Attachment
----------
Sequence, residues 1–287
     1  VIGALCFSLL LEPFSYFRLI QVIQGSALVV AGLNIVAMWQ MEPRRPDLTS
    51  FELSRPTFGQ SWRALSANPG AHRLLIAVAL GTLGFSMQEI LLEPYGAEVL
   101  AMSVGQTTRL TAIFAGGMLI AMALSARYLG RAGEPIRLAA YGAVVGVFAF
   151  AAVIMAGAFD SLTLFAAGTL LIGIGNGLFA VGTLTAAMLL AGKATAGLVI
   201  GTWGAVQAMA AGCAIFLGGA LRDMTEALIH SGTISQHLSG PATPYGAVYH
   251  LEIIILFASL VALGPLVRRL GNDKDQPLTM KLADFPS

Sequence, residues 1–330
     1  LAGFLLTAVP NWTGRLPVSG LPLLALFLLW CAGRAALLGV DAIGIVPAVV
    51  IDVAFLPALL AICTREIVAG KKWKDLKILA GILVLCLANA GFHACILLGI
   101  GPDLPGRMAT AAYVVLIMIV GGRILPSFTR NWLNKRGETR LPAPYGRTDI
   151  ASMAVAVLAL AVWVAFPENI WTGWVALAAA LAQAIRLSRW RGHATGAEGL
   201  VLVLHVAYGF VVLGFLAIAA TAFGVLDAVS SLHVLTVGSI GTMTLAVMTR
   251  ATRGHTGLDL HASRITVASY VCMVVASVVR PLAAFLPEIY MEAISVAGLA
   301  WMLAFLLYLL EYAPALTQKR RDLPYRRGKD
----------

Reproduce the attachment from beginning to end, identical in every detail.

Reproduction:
Sequence, residues 1–287
     1  VIGALCFSLL LEPFSYFRLI QVIQGSALVV AGLNIVAMWQ MEPRRPDLTS
    51  FELSRPTFGQ SWRALSANPG AHRLLIAVAL GTLGFSMQEI LLEPYGAEVL
   101  AMSVGQTTRL TAIFAGGMLI AMALSARYLG RAGEPIRLAA YGAVVGVFAF
   151  AAVIMAGAFD SLTLFAAGTL LIGIGNGLFA VGTLTAAMLL AGKATAGLVI
   201  GTWGAVQAMA AGCAIFLGGA LRDMTEALIH SGTISQHLSG PATPYGAVYH
   251  LEIIILFASL VALGPLVRRL GNDKDQPLTM KLADFPS

Sequence, residues 1–330
     1  LAGFLLTAVP NWTGRLPVSG LPLLALFLLW CAGRAALLGV DAIGIVPAVV
    51  IDVAFLPALL AICTREIVAG KKWKDLKILA GILVLCLANA GFHACILLGI
   101  GPDLPGRMAT AAYVVLIMIV GGRILPSFTR NWLNKRGETR LPAPYGRTDI
   151  ASMAVAVLAL AVWVAFPENI WTGWVALAAA LAQAIRLSRW RGHATGAEGL
   201  VLVLHVAYGF VVLGFLAIAA TAFGVLDAVS SLHVLTVGSI GTMTLAVMTR
   251  ATRGHTGLDL HASRITVASY VCMVVASVVR PLAAFLPEIY MEAISVAGLA
   301  WMLAFLLYLL EYAPALTQKR RDLPYRRGKD